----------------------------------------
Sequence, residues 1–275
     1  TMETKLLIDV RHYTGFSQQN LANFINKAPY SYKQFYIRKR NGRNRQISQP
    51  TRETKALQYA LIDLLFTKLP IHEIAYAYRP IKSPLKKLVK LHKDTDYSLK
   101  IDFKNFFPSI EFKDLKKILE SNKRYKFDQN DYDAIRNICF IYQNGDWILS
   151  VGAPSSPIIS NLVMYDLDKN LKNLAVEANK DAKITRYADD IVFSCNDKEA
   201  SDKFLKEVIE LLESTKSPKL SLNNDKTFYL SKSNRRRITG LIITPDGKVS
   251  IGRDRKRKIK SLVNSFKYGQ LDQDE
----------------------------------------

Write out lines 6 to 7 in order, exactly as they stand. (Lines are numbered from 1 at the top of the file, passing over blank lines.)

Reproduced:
   201  SDKFLKEVIE LLESTKSPKL SLNNDKTFYL SKSNRRRITG LIITPDGKVS
   251  IGRDRKRKIK SLVNSFKYGQ LDQDE